In our last article, Putting your plans to paper, we established a business plan was crucial to improve your chances of success. This week, we are examining the next step: establishing a financial forecast So, what is a financial forecast?
A financial forecast is simply a short- or long-term projection of your business future revenues and expenses. A short-term financial forecast is a projection of the company’s financial position with a short period (usually with the first 12 months of operation) while a long-term financial forecast extends for a longer period (3-5 years and above).
As a start-up, a short-term financial forecast is important in providing a base projection for planning a long-term forecast. It is critical part of the business plan and the most essential document to obtain external funding.
For a new business, creating your financial forecast involves:
Researching your market - this is a reoccurring process in your business journey. As a start-up without previous data on income and expenses, you need to gather information from the industry on the items that constitute expenses and revenues.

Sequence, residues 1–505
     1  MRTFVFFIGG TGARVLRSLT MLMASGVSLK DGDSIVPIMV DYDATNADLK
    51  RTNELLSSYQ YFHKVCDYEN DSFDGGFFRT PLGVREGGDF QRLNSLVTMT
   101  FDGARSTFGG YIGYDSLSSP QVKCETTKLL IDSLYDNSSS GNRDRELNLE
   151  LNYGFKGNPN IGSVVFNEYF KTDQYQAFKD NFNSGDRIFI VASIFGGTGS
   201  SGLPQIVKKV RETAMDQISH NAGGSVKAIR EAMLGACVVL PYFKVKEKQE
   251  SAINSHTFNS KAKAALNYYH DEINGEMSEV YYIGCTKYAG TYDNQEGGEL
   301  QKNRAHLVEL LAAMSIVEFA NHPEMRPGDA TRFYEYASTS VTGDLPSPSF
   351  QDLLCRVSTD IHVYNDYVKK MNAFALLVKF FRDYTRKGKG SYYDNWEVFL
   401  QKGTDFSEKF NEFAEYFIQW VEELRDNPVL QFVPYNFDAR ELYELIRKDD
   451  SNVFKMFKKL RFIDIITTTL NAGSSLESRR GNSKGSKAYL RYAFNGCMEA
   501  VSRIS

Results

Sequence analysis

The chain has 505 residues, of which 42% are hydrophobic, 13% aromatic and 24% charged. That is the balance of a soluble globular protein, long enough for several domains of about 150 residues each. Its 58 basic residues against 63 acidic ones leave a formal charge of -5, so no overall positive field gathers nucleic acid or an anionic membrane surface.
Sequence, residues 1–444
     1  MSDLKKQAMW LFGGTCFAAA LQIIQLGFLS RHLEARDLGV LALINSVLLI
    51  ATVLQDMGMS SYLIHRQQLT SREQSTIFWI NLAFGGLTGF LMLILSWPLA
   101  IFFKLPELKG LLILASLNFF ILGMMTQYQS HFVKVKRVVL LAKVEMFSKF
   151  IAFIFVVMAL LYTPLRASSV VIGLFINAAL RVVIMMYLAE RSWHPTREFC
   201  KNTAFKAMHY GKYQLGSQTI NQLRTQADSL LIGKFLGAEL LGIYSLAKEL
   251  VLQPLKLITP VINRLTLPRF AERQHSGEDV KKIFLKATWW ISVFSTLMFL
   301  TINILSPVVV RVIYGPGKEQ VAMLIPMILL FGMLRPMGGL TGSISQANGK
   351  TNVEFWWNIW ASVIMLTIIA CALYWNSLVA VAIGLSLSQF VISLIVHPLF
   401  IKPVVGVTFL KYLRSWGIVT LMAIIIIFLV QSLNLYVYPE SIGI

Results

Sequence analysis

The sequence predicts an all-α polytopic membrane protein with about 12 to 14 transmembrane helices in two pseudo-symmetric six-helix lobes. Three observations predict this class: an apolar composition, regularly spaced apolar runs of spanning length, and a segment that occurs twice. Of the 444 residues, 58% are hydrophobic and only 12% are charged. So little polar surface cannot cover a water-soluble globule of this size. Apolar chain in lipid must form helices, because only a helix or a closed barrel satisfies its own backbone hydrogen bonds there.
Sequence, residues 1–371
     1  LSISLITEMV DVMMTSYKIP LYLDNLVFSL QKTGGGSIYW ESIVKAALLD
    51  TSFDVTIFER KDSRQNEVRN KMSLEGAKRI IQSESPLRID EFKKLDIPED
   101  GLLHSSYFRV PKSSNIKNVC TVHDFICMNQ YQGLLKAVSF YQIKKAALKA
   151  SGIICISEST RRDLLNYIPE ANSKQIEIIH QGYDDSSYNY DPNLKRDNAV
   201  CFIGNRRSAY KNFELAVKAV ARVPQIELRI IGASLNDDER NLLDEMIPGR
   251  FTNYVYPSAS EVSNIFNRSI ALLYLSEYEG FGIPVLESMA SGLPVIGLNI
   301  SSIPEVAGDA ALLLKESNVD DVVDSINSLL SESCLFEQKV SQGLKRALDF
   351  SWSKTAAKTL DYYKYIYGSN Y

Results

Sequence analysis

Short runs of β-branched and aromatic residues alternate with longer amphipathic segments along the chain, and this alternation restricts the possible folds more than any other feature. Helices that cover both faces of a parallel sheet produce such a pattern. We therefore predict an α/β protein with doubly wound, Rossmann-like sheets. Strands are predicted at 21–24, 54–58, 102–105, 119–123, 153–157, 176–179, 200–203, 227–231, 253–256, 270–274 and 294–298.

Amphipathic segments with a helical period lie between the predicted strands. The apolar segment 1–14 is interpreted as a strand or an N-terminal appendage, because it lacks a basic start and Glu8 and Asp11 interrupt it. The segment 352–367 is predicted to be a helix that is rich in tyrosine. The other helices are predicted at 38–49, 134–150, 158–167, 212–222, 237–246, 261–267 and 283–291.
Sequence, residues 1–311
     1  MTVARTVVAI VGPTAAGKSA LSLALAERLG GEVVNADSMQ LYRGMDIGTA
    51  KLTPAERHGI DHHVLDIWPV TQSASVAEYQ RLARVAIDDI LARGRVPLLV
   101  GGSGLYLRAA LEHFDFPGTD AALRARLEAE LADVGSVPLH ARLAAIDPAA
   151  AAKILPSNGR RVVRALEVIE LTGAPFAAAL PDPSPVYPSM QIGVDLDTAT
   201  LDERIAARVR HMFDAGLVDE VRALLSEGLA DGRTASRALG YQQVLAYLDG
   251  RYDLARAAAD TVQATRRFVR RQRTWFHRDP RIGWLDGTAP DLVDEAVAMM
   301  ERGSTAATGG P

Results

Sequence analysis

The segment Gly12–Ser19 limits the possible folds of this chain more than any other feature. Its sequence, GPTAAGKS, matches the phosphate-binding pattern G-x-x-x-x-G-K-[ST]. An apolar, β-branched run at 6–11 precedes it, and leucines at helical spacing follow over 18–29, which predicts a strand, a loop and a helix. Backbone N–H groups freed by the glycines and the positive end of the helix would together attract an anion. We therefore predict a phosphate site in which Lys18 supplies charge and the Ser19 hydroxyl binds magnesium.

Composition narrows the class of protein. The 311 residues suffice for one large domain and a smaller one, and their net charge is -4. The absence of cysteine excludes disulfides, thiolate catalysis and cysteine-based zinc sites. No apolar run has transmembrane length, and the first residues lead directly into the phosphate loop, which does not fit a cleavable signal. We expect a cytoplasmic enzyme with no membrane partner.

Creating a financial projection - based on the information from your market research, input your estimated expenses and revenues in an excel sheet that will show your monthly inflow and outflow.
Preparing a projected profit and loss statement and balance sheet.
Being realistic while using your projections to plan - this entails planning based on different scenarios i.e. from best to worst-case scenario.
Updating your financial forecast - when your business starts operating, you will need to monitor your business progress against your projections to measure whether or not you are on track. In most cases, the projection will need to be adjusted.
Although financial forecasting may not be an entrepreneur’s favourite occupation, it has the following benefits. It:
serves as a benchmark to measure your progress concerning your plans.
is essential for obtaining business loans and to attract investors.
helps you to understand the financial position of your business.
prepares you for unforeseen events that might affect your business.
helps to make important decisions.
Basic accounting knowledge helps towards making a financial projection. However, to save time and increase the potentials of getting funds from external sources, you may consider consulting with a professional to guide you through the process.
If you need help with your financial projection and forecasting, please email us at firstname.lastname@example.org